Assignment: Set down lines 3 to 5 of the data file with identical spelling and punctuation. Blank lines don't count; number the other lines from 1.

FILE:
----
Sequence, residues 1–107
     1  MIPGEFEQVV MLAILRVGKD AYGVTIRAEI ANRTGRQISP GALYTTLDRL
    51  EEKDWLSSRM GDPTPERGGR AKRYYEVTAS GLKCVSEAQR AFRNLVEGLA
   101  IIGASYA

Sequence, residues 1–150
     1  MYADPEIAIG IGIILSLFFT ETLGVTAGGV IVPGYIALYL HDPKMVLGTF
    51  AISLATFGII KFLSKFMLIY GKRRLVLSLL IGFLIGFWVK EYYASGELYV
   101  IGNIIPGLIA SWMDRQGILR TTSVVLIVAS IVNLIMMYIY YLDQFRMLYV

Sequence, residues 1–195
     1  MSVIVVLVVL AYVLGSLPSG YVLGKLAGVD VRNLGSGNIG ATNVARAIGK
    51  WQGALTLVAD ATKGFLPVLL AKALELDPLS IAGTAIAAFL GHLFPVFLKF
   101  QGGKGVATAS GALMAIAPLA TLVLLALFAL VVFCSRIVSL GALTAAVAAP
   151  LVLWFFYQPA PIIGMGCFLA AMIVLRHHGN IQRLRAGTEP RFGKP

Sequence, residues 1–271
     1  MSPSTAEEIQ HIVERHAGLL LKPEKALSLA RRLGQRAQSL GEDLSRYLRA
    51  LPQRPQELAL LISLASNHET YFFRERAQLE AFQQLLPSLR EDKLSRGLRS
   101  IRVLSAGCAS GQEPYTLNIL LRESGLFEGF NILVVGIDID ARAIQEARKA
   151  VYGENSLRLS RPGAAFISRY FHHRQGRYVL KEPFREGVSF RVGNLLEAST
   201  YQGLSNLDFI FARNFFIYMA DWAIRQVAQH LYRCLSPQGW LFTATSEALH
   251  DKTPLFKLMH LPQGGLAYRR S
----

    51  EEKDWLSSRM GDPTPERGGR AKRYYEVTAS GLKCVSEAQR AFRNLVEGLA
   101  IIGASYA

Sequence, residues 1–150